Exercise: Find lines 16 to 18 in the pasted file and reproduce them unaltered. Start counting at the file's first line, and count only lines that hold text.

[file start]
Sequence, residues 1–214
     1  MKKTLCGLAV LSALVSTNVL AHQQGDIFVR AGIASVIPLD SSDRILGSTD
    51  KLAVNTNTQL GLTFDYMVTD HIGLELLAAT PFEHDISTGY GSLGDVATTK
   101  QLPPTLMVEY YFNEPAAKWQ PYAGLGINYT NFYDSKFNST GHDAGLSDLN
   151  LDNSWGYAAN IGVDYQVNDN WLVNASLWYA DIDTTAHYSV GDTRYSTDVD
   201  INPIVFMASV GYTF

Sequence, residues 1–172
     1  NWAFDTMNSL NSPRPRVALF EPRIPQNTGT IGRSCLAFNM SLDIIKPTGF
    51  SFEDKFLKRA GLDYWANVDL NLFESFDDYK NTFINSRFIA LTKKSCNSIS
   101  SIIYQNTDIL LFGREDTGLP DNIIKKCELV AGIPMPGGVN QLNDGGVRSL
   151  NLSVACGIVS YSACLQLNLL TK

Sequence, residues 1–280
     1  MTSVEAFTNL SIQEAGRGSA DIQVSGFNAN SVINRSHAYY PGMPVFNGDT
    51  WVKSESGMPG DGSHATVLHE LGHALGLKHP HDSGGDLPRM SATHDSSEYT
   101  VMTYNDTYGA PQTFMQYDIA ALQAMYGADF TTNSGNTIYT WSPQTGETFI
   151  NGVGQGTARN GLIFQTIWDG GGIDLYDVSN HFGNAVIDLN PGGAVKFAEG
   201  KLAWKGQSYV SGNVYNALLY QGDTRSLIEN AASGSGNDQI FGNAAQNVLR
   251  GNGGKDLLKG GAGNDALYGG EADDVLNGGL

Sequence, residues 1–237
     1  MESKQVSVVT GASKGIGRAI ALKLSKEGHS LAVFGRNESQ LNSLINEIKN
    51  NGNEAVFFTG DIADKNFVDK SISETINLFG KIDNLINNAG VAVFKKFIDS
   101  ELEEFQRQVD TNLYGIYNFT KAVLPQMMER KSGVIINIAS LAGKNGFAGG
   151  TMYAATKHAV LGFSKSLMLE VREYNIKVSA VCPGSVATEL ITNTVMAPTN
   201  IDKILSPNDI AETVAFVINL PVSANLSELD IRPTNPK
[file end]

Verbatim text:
   151  NGVGQGTARN GLIFQTIWDG GGIDLYDVSN HFGNAVIDLN PGGAVKFAEG
   201  KLAWKGQSYV SGNVYNALLY QGDTRSLIEN AASGSGNDQI FGNAAQNVLR
   251  GNGGKDLLKG GAGNDALYGG EADDVLNGGL